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Third trial not a charm

State v. Tyron James Powell, 2014AP1053-CR, District 1, 3/24/15 (not recommended for publication); click here for docket and briefs

After obtaining two mistrials, Powell probably thought he’d get lucky the third time around. Instead, he got a conviction followed by a court of appeals decision that rejected his arguments on impeachment evidence, on the admission of his prior convictions and on his trial lawyer’s ineffectiveness for failing to file a suppression motion.

Powell was charged with attempting to flee a police officer and carrying a concealed weapon. At the first trial, defense counsel argued that Powell suffered police brutality after his arrest and explained that Powell neglected to provide the supporting documents until the beginning of trial. The court ordered a mistrial. The State then obtained Powell’s medical records. At the second trial, Powell said nothing about police brutality. The jury hung, and the trial court declared a mistrial. Before the third trial the parties stipulated that, if asked about his prior convictions, Powell should answer that he had three. At the trial itself, Powell admitted he had three prior convictions and added “but no felonies.” He did not raise the issue of police brutality.

Impeachment evidence. On appeal, Powell argued that he had wanted to raise the issue of police brutality but couldn’t due to a pre-trial ruling: if Powell raised the issueat his third trial then the State could bring in his testimony from the second trial where he didn’t mention brutality thus suggesting that it was a recent fabrication.  In a daring display of circular reasoning (performed without the support of precedent) the court of appeals upheld the trial court’s ruling because “Powell’s silence on the issue at his second trial . . . raises the possibility that Powell fabricated the assault, thus impeaching his credibility.” Slip op. ¶20.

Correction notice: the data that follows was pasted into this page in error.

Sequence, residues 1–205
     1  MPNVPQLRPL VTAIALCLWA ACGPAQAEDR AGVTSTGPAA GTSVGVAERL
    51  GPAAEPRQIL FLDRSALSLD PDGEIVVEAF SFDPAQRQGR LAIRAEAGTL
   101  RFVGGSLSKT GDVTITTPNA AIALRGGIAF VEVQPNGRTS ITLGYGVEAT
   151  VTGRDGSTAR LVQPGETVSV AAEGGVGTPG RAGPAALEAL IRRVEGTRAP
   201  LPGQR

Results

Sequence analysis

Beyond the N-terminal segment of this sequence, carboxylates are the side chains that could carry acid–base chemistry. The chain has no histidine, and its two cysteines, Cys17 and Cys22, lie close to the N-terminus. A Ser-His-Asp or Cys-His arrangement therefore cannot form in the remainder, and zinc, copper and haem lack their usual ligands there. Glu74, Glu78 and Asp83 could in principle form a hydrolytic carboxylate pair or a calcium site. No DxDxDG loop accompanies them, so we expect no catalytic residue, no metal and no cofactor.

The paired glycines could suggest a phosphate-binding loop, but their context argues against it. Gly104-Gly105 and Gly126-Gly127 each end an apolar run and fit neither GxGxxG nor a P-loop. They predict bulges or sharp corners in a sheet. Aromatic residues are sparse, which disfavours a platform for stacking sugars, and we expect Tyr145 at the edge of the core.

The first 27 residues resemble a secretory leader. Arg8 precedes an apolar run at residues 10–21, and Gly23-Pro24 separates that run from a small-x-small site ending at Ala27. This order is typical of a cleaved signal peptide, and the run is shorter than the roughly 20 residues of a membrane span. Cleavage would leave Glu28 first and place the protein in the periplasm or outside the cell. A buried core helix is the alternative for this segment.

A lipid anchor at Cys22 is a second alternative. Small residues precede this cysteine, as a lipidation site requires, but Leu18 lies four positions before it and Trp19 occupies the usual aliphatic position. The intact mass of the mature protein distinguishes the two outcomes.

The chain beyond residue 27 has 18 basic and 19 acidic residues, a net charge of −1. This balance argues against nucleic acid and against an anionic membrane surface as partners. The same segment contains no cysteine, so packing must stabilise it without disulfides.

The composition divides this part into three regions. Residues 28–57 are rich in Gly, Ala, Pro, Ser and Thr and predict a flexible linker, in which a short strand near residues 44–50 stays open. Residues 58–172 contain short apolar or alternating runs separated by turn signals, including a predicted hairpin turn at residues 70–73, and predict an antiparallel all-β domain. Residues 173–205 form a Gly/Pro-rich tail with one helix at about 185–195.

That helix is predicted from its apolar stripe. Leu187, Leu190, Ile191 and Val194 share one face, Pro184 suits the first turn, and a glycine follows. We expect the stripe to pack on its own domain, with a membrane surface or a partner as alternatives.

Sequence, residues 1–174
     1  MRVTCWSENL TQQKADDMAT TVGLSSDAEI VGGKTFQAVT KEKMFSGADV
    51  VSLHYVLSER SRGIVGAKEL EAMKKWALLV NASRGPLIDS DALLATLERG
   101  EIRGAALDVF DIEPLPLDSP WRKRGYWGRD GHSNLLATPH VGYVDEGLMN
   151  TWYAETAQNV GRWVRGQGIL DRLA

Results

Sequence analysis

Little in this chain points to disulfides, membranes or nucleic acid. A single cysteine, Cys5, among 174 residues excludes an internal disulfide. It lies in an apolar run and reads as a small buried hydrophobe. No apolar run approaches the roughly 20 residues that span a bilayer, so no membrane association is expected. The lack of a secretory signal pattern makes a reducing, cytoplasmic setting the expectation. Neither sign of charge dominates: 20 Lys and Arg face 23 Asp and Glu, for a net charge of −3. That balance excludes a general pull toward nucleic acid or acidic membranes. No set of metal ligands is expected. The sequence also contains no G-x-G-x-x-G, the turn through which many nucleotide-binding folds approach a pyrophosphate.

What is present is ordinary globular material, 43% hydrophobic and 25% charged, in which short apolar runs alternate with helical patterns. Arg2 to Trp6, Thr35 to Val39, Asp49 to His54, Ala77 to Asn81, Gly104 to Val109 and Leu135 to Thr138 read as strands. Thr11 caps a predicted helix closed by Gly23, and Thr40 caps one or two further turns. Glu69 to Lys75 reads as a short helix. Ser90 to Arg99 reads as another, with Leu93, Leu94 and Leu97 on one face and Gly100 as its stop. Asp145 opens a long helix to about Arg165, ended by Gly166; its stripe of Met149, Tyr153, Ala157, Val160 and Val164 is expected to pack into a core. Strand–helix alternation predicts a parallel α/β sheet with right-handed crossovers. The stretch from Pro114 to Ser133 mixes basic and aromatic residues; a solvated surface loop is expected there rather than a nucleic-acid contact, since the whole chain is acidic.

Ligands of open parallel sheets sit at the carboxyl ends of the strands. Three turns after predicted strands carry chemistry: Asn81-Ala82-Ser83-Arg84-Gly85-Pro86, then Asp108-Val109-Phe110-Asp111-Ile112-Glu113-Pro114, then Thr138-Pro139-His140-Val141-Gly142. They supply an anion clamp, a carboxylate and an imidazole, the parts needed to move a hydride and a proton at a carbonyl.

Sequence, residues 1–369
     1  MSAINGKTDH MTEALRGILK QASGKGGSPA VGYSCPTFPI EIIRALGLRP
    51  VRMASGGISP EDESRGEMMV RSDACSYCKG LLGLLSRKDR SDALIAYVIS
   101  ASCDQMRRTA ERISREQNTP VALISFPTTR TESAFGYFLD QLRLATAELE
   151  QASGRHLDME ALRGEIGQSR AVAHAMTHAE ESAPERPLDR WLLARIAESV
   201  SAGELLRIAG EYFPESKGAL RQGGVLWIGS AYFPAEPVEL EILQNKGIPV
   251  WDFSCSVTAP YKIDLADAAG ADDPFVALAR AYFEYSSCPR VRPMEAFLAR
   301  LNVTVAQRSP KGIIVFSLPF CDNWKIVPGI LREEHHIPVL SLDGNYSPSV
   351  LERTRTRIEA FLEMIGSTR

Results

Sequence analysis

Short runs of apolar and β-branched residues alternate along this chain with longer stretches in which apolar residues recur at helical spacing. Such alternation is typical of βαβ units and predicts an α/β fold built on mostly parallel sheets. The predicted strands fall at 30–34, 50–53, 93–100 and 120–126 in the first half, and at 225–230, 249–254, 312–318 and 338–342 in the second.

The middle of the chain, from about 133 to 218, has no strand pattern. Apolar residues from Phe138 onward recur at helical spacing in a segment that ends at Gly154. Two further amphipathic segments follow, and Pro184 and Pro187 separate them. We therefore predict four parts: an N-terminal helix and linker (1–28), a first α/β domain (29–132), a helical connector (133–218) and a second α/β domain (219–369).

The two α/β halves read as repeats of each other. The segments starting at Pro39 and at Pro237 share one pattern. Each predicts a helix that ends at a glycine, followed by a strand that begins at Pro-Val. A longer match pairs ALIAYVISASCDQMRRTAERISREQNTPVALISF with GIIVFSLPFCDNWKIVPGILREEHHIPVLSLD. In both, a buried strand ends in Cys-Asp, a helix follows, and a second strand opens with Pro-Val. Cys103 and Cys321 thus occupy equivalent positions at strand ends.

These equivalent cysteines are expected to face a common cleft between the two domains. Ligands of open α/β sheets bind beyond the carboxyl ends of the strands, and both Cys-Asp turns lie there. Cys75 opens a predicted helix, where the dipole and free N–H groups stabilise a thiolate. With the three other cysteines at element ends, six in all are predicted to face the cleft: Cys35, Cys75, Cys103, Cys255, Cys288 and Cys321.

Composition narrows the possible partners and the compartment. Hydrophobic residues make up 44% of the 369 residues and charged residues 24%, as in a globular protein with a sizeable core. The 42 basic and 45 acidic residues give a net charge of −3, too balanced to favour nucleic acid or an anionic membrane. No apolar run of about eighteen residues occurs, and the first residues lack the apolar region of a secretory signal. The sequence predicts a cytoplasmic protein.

Prior convictions. As for his prior convictions, the State was entitled to clarify what those convictions were because Powell volunteered that they were not felonies. See Nicholas v. State, 49 Wis. 2d 683, 689, 183 N.W.2d 11 (1971) (when answers regarding prior convictions on direct examination are inaccurate or incomplete, the correct and complete facts may be brought out on cross-examination).  Slip op. ¶23.  Two of the prior convictions were for carrying a concealed weapon. The trial court allegedly cured the prejudicial effect of this information by instructing the jury that prior conviction are not proof that Powell was guilty of the pending charge of carrying a concealed weapon.

Ineffective assistance of counsel. Powell claimed that his trial counsel was ineffective for not moving to suppress the gun that he threw out of his car window as the police were chasing him. The court of appeals rejected the claim on the grounds that the police had reasonable suspicion to stop Powell to investigate whether he was carrying a concealed weapon (based on an anonymous tip and a security check) and probable cause to arrest him for fleeing.  Counsel can’t be ineffective for failing to pursue a meritless motion. State v. Toliver, 187 Wis. 2d 346, 360, 523 N.W.2d 113 (Ct. App. 1994). Slip op. ¶27.

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